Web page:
Salary Transparency: The Ongoing Debate

Could displaying a salary on job advertisements attract more applications from the right candidates, or is it just going to cause less meaningful, purely salary-driven applicants?

Does salary transparency mean more applicants?

On the 8th March 2022, the UK government announced a pay transparency scheme, set to last between six to 12 months would be launched. This voluntary scheme encourages organisations to sign up and display salaries in all of their job ads.

Whether this information should be mandatory or not has been an ongoing debate. There is a growing global movement to not only normalise salary transparency, but also to make it the law.

Around the world, increased pressure for employers to be open about salaries  has resulted in legislation such as the New York City pay transparency law, which requires New York City employers to post the minimum and maximum pay range for any job within the city from 15th May 2022 with the aim to reduce discrimination.

The UK is also beginning to follow suit, as the pay transparency pilot scheme was announced during International Women’s Day 2022, with the aim to tackle the gender pay gap and break down barriers for women.

Previous research from LinkedIn has shown that 72% of people want to hear about salary range during their first message with hiring managers or recruiters. Meanwhile, the IT job board, CWJobs discovered that more than half of tech workers (57%) would avoid applying for a role which described pay as ‘competitive’.

Should salary transparency be law?

Pros of salary transparency include the fact it can save time for both businesses recruiting and candidates applying. If businesses are open and transparent with salaries, then it allows them to attract the right candidates, as well as allowing candidates to discover the right roles for them, without any time being wasted for either party. Salary transparency can also help to expose discrimination, helping to allow this issue to be tackled.

Some hiring teams have criticised this by stating that although listing the salary can reduce time during the hiring process, it can also increase the rate of less meaningful applications by applicants who are purely salary driven and don’t have any passion or interest in the company or role.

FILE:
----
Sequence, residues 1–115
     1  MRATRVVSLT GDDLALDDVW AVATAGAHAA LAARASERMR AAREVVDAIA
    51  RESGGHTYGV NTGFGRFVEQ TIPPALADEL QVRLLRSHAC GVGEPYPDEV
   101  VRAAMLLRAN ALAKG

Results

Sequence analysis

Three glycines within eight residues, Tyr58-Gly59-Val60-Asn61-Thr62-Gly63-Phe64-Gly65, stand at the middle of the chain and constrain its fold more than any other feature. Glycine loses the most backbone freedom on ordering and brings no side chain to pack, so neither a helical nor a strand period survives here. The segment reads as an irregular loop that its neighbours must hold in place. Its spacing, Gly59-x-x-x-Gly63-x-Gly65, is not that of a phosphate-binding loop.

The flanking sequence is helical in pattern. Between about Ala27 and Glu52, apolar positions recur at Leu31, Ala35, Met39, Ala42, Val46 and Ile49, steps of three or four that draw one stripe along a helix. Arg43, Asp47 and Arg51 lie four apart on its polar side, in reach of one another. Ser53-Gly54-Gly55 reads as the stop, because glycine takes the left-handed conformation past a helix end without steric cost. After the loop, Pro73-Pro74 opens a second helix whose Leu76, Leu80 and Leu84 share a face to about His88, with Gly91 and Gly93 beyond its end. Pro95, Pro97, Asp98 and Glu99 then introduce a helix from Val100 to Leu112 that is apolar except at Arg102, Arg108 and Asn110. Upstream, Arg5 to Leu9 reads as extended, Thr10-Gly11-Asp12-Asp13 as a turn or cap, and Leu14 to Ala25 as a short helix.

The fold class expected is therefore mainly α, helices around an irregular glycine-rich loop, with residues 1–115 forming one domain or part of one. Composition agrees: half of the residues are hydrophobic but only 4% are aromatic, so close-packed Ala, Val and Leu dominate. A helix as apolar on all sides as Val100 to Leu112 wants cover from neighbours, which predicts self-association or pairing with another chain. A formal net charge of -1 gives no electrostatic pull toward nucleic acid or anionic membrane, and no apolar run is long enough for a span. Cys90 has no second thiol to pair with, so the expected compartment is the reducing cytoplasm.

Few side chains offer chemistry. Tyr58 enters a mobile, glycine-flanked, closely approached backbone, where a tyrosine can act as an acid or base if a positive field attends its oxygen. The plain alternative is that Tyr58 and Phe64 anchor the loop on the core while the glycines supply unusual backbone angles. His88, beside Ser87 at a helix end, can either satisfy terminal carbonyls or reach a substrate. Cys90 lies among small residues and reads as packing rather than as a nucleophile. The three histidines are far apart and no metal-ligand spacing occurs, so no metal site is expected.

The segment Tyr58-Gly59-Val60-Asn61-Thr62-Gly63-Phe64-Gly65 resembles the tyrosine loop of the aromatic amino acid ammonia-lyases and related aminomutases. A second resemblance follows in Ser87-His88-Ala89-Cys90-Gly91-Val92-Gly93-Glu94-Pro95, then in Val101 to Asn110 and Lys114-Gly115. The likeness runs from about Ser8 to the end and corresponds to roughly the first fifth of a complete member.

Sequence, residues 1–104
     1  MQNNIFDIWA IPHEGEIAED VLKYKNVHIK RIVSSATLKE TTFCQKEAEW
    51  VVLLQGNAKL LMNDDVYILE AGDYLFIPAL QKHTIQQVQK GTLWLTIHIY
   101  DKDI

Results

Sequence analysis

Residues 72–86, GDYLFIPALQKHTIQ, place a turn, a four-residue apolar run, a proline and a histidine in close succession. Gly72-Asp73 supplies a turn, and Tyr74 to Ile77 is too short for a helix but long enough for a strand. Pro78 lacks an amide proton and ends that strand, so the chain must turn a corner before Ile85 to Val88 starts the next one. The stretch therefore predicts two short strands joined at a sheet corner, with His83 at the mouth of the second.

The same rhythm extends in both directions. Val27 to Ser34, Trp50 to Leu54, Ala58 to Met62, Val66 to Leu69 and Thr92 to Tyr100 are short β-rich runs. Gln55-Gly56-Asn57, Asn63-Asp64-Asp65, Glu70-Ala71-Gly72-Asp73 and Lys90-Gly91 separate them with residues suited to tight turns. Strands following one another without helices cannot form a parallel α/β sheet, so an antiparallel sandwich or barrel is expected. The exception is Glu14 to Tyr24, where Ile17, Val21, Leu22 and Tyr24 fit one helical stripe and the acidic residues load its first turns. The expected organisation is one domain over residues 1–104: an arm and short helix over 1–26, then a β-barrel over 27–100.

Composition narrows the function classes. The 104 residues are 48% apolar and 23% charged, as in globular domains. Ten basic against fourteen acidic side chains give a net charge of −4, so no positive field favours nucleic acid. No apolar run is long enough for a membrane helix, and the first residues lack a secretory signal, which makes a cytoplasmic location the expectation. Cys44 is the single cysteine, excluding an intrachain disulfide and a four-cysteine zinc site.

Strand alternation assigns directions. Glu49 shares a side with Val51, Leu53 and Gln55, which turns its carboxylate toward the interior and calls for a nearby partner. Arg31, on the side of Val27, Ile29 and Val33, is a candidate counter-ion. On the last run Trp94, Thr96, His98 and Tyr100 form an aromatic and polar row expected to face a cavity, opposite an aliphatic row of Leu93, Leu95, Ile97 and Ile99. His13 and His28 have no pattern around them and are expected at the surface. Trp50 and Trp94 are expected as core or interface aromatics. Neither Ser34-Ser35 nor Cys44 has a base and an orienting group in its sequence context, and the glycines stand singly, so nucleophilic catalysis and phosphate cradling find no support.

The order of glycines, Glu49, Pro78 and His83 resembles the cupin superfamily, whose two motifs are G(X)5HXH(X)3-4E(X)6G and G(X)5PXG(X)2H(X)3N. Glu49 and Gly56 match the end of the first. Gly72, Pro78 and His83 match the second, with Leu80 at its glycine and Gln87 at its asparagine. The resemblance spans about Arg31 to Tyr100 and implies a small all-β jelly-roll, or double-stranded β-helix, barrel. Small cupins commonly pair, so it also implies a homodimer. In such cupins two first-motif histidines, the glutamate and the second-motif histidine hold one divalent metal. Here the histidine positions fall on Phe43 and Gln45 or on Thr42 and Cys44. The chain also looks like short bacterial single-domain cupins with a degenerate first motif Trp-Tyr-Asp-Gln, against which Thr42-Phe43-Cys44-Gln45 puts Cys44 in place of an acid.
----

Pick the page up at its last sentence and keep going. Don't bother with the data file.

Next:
It has also been argued that full salary transparency doesn’t work as people with the same job role might have different salaries for reasons, including time with the company, time in the industry, work performance, specialities or additional training. Therefore, being transparent with salaries is not necessarily helpful when there might be underlying factors on why the pay is different. But could providing a salary bracket be a way to ‘meet in the middle’, by proving a form of salary transparency while also recognising that other factors might effect salary?

Despite the law that requires qualifying businesses to report their gender pay gap, there are currently no laws in the UK that enforce businesses to disclose the salary details of their employees, or to advertise state the salary in job descriptions when recruiting. The introduction of the pilot scheme suggests there may be a future legislation change.

Advice from T2M

Steve, Managing Director at T2M Resourcing, says: 

“There are obvious benefits to advertising jobs with salary and benefits information, not least to ensure that you attract appropriate candidates within the right salary band which can save the prospective employer and the applicants time by ensuring that all parties are aligned. However, there are also a number of potential issues, particularly in the current market where more flexibility is being given by prospective employers to ensure that they can be competitive when attracting top talent. Many employers are (understandably) cautious about including salaries when using their company name & logo. Salaries paid in one function (e.g. finance) might be higher than other functions within an organisation due to historical (and external market factors), so openly advertising salaries could cause employer relations problems. There can also be issues where a company might need to increase the level of expertise and capability within a department (increasing pay accordingly) so therefore need to do this discreetly to not create issues with existing employees. Fair and equal packages for employees doing similar roles is of course a sensible (and ethical) objective, but can take organisations time to make the necessary adjustments. At T2M we are always happy to guide and advise companies on appropriate market pay ranges for hiring needs.”

Have your say

Could displaying a salary on job advertisements attract more applications from the right candidates, or is it just going to increase the rate of less meaningful applications because they’re simply looking at the salary? Do you think that having salary information displayed on job descriptions should be mandatory?